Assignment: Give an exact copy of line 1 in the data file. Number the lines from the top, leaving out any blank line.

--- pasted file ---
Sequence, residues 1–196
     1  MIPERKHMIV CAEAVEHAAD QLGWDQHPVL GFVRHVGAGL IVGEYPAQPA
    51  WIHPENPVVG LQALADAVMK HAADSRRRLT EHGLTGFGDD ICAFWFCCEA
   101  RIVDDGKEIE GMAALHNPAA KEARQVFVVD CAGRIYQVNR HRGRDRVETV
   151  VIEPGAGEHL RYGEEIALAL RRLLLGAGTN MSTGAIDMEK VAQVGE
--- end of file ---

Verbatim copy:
Sequence, residues 1–196